Reality Is Perception The Truth About Car Brands

Topics: Marketing, Brand management, Product management Pages: 6 (3232 words) Published: February 22, 2015
Expensive advertising cannot compensate for weak
brands and undifferentiated products.

strong car brand can
create significant value
in the automotive
industry. The price
consumers expect to
pay for otherwise
identical luxury vehicles can vary as much
as $4,000, depending on the car’s
brand. For mass-market cars, brand
helps determine which products a
consumer considers buying. Furthermore, superior brands extend their halo across every model of
vehicle within the brand. It’s no surprise that most auto manufacturers make brand positioning and development a key item on their marketing agenda. Yet despite intense interest in
their power, automotive brands
remain relatively poorly understood.
Why do car brands have such value
in a business that is clearly product
driven? How do brands acquire
their value? What causes their value
to wax or wane over time?
Because of the prominent role
that brand positioning and development play in many auto manufacturers’ business strategies, we conducted extensive research and
analysis to better understand how


consumers think about car brands.
Our analysis uses standard statistical
techniques to distill multiple brand
image attributes (drawn from Allison-Fisher International LLC surveys of car buyers) into a small set of underlying factors, which provide
valuable insights into consumer
brand perceptions. (See “Research
Methodology,” page 3.)
Our research shows that consumers have a simple yet sophisticated understanding of what differentiates car brands. Notwithstanding automakers’ attempts to distinguish
their brands on the basis of lifestyle
or emotional imagery, consumers
evaluate brands in terms of their
earned reputation for product excellence relative to their total ownership cost. Consumers’ perceptions are based on their accumulated
direct and indirect experience with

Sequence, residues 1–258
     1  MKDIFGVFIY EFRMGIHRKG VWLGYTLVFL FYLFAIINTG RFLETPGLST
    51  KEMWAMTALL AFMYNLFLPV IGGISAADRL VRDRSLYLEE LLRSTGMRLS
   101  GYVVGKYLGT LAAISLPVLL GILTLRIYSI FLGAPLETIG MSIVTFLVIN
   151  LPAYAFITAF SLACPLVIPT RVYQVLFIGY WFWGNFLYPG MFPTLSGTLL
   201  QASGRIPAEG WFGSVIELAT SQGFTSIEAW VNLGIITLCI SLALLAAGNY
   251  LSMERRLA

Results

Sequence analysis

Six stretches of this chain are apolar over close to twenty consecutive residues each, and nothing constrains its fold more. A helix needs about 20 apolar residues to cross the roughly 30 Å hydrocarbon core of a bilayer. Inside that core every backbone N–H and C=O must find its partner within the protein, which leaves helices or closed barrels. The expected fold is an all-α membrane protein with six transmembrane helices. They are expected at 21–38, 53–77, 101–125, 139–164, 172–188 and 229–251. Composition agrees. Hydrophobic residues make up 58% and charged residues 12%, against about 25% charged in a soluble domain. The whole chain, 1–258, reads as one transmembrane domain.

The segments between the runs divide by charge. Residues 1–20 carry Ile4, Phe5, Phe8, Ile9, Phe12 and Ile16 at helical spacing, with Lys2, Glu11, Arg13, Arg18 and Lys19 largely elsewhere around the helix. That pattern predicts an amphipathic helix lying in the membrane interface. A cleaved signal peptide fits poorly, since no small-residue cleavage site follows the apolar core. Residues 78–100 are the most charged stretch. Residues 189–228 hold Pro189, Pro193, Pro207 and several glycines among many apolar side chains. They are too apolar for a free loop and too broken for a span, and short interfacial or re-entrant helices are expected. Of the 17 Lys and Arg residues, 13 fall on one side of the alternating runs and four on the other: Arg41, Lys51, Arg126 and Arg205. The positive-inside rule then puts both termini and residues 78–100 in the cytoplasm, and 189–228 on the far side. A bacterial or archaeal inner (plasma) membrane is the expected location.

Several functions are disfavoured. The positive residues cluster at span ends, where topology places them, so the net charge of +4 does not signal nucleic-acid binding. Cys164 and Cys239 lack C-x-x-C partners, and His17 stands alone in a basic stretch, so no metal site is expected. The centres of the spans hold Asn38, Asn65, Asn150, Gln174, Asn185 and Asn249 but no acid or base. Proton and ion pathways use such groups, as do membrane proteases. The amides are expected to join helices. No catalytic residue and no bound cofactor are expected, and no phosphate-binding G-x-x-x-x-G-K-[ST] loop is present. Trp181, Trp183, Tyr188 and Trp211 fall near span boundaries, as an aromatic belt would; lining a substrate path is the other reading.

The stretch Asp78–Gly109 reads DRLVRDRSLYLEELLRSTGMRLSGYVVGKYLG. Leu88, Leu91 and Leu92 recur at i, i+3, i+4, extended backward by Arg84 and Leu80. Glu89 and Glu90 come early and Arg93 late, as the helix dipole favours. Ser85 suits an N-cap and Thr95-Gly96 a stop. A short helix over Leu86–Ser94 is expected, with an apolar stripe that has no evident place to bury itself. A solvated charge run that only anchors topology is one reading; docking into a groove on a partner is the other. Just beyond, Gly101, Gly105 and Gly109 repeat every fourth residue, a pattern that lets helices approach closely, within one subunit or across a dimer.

the products that constitute those
These perceptions are obviously
not perfect. Some brands’ reputations exceed or fall short of their demonstrable product attributes.
But, as a rule, consumers’ beliefs are
accurate, stable, and relatively
immune to manipulation. In contrast to the situation with other con-

Illustration by Lars Leetaru

by Evan Hirsh, Steve Hedlund, and Mark Schweizer

strategy + business issue 32

All Consuming Behavior

comment all consuming behavior

Reality Is Perception:
The Truth about
Car Brands

1. Virtually all of the difference in how consumers perceive competing brands can be explained
by their relative performance
against two holistic measures:
product excellence and cost.

Traditionally, car manufacturers
have tried to measure their brands
across a large number of image
attributes, hoping to develop additional insights about brand differentiation. However, consumer perceptions of a brand’s reputation are generally consistent across different
measures of value. For example,
consumers believe that manufacturers whose car lines have a reputation for luxury and prestige tend to produce cars that excel in many other areas, such as ride, handling, safety,
and reliability. In fact, a brand’s
score on any one attribute tends to
be so highly correlated with its score
on another attribute that these scores
can be integrated into one measure
that represents a car line’s propensity
to create excellent products.
Consumers also have a sophisticated understanding of product cost. They recognize that vehicles
differ not only in their initial purchase price, but also in their expected maintenance and operating costs, as well as their ultimate resale value.
Together, these different types of

expenditures determine the total
cost to the consumer over the ownership cycle. As with the product excellence dimension, the various
attributes that determine a brand’s
expected ownership costs can be
integrated into a single measure of
product cost.
These two holistic measures,
product excellence and cost of...
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